The next time you’re in a rented Chrysler Sebring convertible, run your fingers across the vista of hard interior plastics, making sure not to cut yourself on sharp edges and mold seams. Inhale deeply and savor the chemical-icious aroma of the glues holding down the industrial-grade carpeting. And press firmly on the accelerator pedal to hear the discordant engine note of the car’s wheezing V-6.
Poor Chrysler. Things weren’t always this way. Twelve years ago, Germans took over the smallest of the Big Three and then starved it of resources, resulting in cars like today’s Sebring. But only a few short decades before that, Chrysler was polishing the glossy paint on cars like this 1966 Imperial Crown convertible, which competed with the world’s best luxury cars. Atop one page in the 1966 Imperial brochure, someone penned the words, “more standard luxuries than a Rolls-Royce.” And the copywriter meant it.
If you watch television, you might recognize this big, black convertible – and its owners – from the hit History channel show Pawn Stars. The series – think Antiques Roadshow with a Vegas twist – chronicles the day-to-day happenings at a Las Vegas-based pawn shop. The show’s stars are the three generations of men from the Harrison family who run the store, and the only thing more impressive than the diversity of obscure and fascinating objects that show up is the depth of knowledge that these men have about such a broad variety of stuff.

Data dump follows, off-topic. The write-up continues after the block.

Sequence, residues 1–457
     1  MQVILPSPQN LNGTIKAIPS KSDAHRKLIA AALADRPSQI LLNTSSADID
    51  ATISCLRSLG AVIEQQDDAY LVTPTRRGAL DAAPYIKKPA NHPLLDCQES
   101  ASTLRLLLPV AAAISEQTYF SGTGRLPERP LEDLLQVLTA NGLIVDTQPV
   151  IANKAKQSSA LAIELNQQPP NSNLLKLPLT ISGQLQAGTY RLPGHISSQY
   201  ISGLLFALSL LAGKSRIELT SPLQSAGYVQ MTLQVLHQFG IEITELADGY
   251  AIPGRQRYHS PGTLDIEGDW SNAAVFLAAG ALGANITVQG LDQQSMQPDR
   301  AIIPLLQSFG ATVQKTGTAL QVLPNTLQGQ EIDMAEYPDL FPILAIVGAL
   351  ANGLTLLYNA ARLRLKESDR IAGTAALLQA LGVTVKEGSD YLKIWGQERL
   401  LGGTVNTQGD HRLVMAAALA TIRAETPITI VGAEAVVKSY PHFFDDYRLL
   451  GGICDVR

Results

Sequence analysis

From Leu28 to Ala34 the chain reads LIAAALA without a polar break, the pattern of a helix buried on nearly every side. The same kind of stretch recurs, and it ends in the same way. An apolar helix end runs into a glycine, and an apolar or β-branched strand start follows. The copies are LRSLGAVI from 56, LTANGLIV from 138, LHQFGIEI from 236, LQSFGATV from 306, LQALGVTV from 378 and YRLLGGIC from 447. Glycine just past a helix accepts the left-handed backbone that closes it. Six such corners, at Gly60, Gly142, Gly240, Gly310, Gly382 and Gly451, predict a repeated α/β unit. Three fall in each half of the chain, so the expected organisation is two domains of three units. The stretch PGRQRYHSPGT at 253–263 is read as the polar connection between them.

That encyclopedic knowledge is key to any pawn shop’s success – but it’s no less important if you’re interested in understanding the history of today’s automotive landscape. Elsewhere in this issue (see page 72), we examine two books that chronicle the Big Three’s long descent from the top of the automotive heap. But if you ask anyone under the age of forty about a brand called Imperial, they’ll likely cock their head to the side and say, “Huh?”
Any quick look into Chrysler shows painful, cyclical highs and lows. And for a company we sincerely hope is about to emerge from its post-Daimler low, it’s the perfect time to look at Imperial – a distinct high point in the company’s history.
There’s a lot of confusion about Imperial, because it was originally the name of a Chrysler model but became its own brand in 1955. When speaking of the Imperial Division’s cars, you shouldn’t say “Chrysler Imperial,” just as you don’t say “Chrysler Dodge” or “Ford Lincoln.” Unless, that is, you’re talking about one of the many Chrysler Division models that were called Imperial. Those existed for more than a quarter century (1924 until 1954) before the Imperial Division was formed. Adding to the confusion, Chrysler resurrected the Imperial nameplate a couple times after the division closed its doors in 1975. And around the time that the Imperial Division was founded, you could buy an Imperial Crown or a Crown Imperial. (The latter was a limousine finished by Italy’s Ghia.)